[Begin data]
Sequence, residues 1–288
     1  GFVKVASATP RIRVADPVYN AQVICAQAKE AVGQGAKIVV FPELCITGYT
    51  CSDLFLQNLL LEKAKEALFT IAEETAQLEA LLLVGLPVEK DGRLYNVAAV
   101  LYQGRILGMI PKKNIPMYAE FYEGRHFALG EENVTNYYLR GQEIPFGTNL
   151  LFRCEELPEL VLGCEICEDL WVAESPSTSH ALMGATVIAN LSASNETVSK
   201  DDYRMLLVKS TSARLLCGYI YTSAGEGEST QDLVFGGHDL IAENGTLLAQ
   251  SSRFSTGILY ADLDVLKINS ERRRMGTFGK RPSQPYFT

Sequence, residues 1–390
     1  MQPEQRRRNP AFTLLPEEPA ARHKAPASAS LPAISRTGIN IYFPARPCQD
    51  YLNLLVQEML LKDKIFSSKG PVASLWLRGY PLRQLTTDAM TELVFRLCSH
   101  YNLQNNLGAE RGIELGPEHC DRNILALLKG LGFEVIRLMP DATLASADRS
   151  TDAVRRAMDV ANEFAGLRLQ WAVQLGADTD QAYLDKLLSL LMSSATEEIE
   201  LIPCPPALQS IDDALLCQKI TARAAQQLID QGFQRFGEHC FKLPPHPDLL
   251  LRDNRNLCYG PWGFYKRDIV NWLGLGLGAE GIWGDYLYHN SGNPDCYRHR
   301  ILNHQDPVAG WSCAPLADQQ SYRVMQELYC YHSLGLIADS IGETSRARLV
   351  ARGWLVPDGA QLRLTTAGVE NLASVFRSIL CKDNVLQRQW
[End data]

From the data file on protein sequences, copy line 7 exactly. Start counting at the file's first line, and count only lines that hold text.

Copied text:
   251  SSRFSTGILY ADLDVLKINS ERRRMGTFGK RPSQPYFT